Rick Archer: Welcome to Buddha at the Gas Pump. My name is Rick Archer. Buddha at the Gas Pump is an ongoing series of conversations with spiritually awakening people. We’ve done well over six hundred of them now. And if this is new to you, and you’d like to check out previous ones, please go to batgap.com – b a t g a p – and look under the Past Interviews menu. This program is made possible through the support of appreciative listeners and viewers. So, if you appreciate it and would like to help support it, there’s a PayPal button on every page of the website. There’s also a page explaining other ways to donate if you don’t want to use PayPal. My guest today is Lynne Twist. I first saw Lynne speak at the Science and Nonduality Conference many years ago and was really inspired by her presentation and have always wanted to have her on. And now we’re finally doing it. I usually don’t read people’s bios because it’s kind of boring to just hear me read. I’d rather have the person tell their own story. But there’re so many things that Lynne has done, and I’m afraid she won’t mention them all if I leave it up to her. I just want to read her bio, and then we’ll take it from there. Over the past 40 years, Lynne has worked with over 100,000 people in 50 countries in the areas of fundraising with integrity, conscious philanthropy, strategic visioning, and having a healthy relationship with money. Her clients include Microsoft, Procter and Gamble, the International Unity Church, Charles Schwab, United Way, the National Black Theatre of Harlem, Harvard University, and others. She is a sought-after speaker. She has presented for the United Nations Beijing Women’s Conference – I listened to your whole book, Lynne, where there were some horrific stories women told. Maybe we’ll get to those that were told at that conference – State of the World Forum, Synthesis Dialogues with His Holiness the Dalai Lama, and the Governor’s Conference on California Women, among others. A recognized global visionary, Ms. Twist has been an advisor to the Desmond Tutu Foundation and the Nobel Women’s Initiative. Lynne is the recipient of numerous prestigious honors including the Woman of Distinction Award from the United Nations. She is a co-founder of the Pachamama Alliance, a nonprofit organization whose mission is to empower indigenous people of the Amazon rainforest to preserve their lands and culture. In addition, Lynne serves on a number of nonprofit boards, including the Fetzer Institute, the Institute of Noetic Sciences, many of whose members I have interviewed, Bioneers, Conscious Capitalism, and Women’s Earth Alliance. From working with Mother Teresa in Calcutta, to the refugee camps in Ethiopia, and the threatened rain forests of the Amazon. Lynne’s on-the-ground work has brought her a deep understanding of the social tapestry of the world, and the historical landscape of the times we’re living in. So that’s Lynne’s bio. Actually, a highly condensed version of it, I’m sure, because you’ve done so many things. Do you ever get the feeling when you hear somebody introducing you like that, are they talking about me? Did I actually do all that stuff? Because don’t you kind of have a feeling that, in some sense, you’re an instrument of something much larger than yourself? Such that you’re not tightly constricted by the confines of your individuality. There’s some larger intelligence or something that’s guiding you and that you’re serving.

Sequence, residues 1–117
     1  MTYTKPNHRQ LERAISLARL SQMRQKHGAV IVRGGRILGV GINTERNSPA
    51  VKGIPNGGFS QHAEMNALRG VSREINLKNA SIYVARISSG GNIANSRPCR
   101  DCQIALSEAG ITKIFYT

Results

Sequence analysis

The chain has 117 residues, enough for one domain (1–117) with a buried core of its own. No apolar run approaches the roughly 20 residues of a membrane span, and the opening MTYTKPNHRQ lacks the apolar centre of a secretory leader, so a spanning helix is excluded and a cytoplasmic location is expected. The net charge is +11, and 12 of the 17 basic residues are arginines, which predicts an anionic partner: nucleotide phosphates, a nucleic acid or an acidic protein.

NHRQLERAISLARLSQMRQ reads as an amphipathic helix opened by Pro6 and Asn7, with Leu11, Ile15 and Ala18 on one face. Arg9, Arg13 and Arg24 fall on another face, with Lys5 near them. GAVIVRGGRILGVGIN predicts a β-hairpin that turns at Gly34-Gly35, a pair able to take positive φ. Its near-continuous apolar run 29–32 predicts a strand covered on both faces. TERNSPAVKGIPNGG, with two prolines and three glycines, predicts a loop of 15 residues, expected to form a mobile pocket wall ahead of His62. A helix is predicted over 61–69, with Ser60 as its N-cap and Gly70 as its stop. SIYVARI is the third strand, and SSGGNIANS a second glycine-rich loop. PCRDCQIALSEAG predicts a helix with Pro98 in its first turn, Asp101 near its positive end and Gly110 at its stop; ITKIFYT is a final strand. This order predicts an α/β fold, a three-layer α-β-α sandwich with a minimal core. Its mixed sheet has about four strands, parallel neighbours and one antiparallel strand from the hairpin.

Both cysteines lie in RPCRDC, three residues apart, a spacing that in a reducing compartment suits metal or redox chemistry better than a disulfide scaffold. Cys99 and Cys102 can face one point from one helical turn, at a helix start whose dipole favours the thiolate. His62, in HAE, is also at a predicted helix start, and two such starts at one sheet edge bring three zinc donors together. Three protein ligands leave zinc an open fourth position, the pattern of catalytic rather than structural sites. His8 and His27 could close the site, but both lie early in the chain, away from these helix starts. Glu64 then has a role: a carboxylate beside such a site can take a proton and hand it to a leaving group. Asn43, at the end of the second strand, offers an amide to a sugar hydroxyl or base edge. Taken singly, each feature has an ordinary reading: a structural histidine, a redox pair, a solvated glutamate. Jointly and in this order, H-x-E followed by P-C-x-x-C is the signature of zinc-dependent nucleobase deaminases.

Lynne Twist: Yeah, absolutely. I’m always sort of, oh my god, I must be 150 years old. But I just have been so fortunate. I’ll say called, and when you are called the way I have been fortunate enough to be called, you are used well by the universe. You do become an instrument of the future of what wants to happen of the highest aspirations of the universe. And it gives you a lot of freedom. It sounds sort of like oh my god, you get burdened with all these big problems. No, it’s the opposite. You get liberated into service, and you don’t worry about the problems anymore because you’re working on them. When you sit back and look at the world, and it’s such a mess, you can get scared and worry and kind of shut down. But when you get into action on the things that are really challenging all of us, there’s no time to worry, you just are making it happen. It’s as you said, and I’m really saying the same thing you said. I feel that I’ve been become an instrument of what wants to happen or what the universe is trying to accomplish. This evolutionary leap that I feel very clearly we’re on as a human family, that that’s our job now to take an evolutionary leap, or not, and or not would be not a good choice. But we certainly have that opportunity. And we’re certainly being invited, encouraged, asked, and demanded to do so.